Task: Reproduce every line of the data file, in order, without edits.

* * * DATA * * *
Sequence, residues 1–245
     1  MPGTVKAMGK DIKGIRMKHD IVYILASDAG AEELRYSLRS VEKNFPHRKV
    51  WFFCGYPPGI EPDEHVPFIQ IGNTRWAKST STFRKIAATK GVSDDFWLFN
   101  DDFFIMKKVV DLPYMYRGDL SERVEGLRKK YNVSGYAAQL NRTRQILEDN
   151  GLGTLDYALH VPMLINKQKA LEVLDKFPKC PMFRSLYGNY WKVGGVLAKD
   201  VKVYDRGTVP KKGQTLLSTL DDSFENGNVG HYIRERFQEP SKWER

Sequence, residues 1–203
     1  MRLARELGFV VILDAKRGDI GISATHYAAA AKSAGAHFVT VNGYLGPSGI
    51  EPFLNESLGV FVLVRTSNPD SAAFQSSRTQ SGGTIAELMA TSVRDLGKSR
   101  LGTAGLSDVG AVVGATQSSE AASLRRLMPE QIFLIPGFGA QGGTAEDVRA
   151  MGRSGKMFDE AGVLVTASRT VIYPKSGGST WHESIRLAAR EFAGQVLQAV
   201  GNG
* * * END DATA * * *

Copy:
Sequence, residues 1–245
     1  MPGTVKAMGK DIKGIRMKHD IVYILASDAG AEELRYSLRS VEKNFPHRKV
    51  WFFCGYPPGI EPDEHVPFIQ IGNTRWAKST STFRKIAATK GVSDDFWLFN
   101  DDFFIMKKVV DLPYMYRGDL SERVEGLRKK YNVSGYAAQL NRTRQILEDN
   151  GLGTLDYALH VPMLINKQKA LEVLDKFPKC PMFRSLYGNY WKVGGVLAKD
   201  VKVYDRGTVP KKGQTLLSTL DDSFENGNVG HYIRERFQEP SKWER

Sequence, residues 1–203
     1  MRLARELGFV VILDAKRGDI GISATHYAAA AKSAGAHFVT VNGYLGPSGI
    51  EPFLNESLGV FVLVRTSNPD SAAFQSSRTQ SGGTIAELMA TSVRDLGKSR
   101  LGTAGLSDVG AVVGATQSSE AASLRRLMPE QIFLIPGFGA QGGTAEDVRA
   151  MGRSGKMFDE AGVLVTASRT VIYPKSGGST WHESIRLAAR EFAGQVLQAV
   201  GNG